The Germans were not alone in murdering Jews. They were greatly assisted by the local fascist population in many countries. On day 6, and after 759 miles on the road, the group stop in Bucharest, Romania and are joined by Maximillian Marco Katz, a business manager and the nephew of a Romanian survivor. He tells the story of the devastation of the famous great synagogue in January 1941 by telling the story of his grandfather and Uncle Isodor.
His grandfather was praying when the Romanian Right Wing Legionnaires pulled the congregation out of the synagogue and began torturing them. His uncle Isidor begged them to take him instead of his father. The Legionnaires tortured Isidor in front of his father and then took Isodor to one of the torture centres. The group arrive at the centre and wander through, unable to speak. Other Jews were taken to the centre of Bucharest and shot and strung up on hooks. Under their bodies was a sign: Kosher Meat. A caption informs us that the Romanian government murdered 400,000 Romanian and Ukrainian Jews between 1941 and 1944.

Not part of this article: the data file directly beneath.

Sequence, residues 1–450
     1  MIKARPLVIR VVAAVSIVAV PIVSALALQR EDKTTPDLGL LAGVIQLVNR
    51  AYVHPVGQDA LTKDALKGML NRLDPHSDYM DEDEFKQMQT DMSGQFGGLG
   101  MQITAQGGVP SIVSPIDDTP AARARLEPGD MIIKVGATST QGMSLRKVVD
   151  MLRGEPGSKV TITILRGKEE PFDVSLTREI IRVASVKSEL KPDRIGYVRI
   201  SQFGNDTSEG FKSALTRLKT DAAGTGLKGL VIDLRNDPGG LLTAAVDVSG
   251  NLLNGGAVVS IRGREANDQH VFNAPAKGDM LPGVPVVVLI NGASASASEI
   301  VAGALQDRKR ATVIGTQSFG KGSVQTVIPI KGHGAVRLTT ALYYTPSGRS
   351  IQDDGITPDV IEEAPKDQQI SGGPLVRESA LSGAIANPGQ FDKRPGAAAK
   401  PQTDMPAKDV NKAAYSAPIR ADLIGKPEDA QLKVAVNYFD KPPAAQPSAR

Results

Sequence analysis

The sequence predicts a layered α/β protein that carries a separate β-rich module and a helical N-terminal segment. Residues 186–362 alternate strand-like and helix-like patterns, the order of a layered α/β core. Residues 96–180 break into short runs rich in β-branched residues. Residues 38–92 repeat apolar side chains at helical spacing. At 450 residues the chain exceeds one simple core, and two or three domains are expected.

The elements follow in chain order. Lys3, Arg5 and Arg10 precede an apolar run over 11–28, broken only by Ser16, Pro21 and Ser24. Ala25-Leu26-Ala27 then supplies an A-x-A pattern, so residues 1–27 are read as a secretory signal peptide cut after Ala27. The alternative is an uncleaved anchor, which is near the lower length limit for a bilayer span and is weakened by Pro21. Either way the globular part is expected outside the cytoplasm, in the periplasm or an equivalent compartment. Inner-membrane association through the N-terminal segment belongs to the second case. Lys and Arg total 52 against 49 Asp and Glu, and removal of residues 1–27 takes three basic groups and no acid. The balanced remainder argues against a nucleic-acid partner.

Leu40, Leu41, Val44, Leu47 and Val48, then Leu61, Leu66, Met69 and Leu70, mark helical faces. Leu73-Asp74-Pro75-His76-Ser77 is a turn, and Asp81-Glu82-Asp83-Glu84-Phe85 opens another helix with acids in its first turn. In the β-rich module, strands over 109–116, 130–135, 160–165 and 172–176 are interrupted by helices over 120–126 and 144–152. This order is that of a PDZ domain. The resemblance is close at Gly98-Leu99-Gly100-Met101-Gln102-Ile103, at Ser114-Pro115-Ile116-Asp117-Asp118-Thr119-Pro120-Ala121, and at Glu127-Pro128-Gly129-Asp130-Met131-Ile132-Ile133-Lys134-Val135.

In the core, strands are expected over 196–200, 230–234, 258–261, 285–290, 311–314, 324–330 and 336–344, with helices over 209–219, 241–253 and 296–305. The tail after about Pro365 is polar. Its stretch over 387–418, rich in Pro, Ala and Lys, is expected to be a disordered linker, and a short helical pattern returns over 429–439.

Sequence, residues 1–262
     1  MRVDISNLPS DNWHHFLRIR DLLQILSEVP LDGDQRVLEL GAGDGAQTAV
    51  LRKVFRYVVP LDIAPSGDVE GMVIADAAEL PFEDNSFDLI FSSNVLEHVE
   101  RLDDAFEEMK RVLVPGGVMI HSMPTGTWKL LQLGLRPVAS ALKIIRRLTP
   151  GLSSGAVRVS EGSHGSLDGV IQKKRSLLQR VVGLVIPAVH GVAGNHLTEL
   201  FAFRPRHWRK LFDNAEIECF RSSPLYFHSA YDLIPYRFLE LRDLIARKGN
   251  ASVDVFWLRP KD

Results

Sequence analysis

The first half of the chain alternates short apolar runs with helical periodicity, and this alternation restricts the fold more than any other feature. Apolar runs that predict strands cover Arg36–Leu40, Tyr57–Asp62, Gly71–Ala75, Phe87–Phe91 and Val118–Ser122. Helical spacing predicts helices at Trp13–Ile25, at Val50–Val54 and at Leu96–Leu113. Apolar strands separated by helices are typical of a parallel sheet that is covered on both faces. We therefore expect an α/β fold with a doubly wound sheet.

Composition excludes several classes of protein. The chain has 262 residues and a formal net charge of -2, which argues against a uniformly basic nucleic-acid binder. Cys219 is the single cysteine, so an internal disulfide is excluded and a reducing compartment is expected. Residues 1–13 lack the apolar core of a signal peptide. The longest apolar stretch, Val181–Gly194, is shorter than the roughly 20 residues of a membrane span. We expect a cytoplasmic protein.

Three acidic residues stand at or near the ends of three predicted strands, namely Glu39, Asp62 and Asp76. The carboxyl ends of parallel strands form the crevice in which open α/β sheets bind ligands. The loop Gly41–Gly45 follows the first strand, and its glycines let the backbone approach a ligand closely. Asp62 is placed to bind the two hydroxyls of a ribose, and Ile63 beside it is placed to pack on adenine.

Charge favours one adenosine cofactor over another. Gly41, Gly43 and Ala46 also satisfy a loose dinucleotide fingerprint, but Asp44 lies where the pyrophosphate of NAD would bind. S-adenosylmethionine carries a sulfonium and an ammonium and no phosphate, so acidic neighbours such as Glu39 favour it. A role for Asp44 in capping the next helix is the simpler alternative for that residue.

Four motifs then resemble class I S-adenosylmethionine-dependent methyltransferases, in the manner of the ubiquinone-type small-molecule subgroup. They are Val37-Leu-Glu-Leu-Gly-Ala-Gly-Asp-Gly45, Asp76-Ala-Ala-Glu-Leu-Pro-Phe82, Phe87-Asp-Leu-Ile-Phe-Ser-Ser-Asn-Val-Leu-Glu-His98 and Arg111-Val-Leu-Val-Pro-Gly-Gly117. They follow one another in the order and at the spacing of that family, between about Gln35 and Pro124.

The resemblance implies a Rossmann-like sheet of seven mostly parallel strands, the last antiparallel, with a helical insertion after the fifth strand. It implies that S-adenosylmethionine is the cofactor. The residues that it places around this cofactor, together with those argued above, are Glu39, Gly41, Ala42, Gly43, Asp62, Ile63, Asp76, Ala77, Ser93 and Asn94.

Although the group are following the original 1932 route, they plan a detour to Auschwitz-Birkenau – a place so unthinkably evil that no one in 1932 – or even in 1936 – could have imagined it. It is difficult for the bikers to imagine the reality of place, even when they see remnants of baby clothes displayed and walk the train tracks that brought so many people on a one-way journey to hell. For press photographer Danny Maron’s father Yarom, it is very real.